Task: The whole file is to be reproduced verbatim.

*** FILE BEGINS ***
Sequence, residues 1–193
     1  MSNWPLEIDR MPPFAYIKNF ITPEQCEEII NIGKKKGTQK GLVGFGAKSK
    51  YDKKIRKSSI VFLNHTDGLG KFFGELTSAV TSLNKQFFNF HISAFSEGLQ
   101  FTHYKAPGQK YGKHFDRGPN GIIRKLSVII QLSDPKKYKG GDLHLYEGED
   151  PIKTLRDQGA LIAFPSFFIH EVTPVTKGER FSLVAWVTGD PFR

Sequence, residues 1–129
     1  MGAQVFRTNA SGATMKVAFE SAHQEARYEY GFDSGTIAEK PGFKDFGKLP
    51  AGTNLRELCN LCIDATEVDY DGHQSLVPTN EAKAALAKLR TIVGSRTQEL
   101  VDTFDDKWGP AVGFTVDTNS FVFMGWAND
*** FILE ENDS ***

Sequence, residues 1–193
     1  MSNWPLEIDR MPPFAYIKNF ITPEQCEEII NIGKKKGTQK GLVGFGAKSK
    51  YDKKIRKSSI VFLNHTDGLG KFFGELTSAV TSLNKQFFNF HISAFSEGLQ
   101  FTHYKAPGQK YGKHFDRGPN GIIRKLSVII QLSDPKKYKG GDLHLYEGED
   151  PIKTLRDQGA LIAFPSFFIH EVTPVTKGER FSLVAWVTGD PFR

Sequence, residues 1–129
     1  MGAQVFRTNA SGATMKVAFE SAHQEARYEY GFDSGTIAEK PGFKDFGKLP
    51  AGTNLRELCN LCIDATEVDY DGHQSLVPTN EAKAALAKLR TIVGSRTQEL
   101  VDTFDDKWGP AVGFTVDTNS FVFMGWAND